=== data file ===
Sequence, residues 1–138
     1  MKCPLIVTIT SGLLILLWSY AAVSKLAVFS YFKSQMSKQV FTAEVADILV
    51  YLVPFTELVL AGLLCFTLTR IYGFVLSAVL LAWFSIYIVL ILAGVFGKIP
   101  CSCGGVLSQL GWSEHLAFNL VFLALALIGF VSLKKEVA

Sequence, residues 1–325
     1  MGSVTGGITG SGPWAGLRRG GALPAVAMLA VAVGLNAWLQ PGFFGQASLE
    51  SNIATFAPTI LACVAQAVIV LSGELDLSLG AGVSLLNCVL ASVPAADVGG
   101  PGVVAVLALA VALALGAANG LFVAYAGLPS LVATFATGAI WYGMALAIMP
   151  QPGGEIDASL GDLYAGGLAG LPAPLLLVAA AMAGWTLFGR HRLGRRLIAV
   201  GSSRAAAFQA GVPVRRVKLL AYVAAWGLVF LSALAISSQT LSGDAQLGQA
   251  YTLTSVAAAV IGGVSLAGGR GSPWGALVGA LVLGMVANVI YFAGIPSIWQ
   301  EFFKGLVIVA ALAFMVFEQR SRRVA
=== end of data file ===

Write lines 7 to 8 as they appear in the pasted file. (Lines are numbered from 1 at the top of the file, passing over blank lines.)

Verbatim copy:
    51  SNIATFAPTI LACVAQAVIV LSGELDLSLG AGVSLLNCVL ASVPAADVGG
   101  PGVVAVLALA VALALGAANG LFVAYAGLPS LVATFATGAI WYGMALAIMP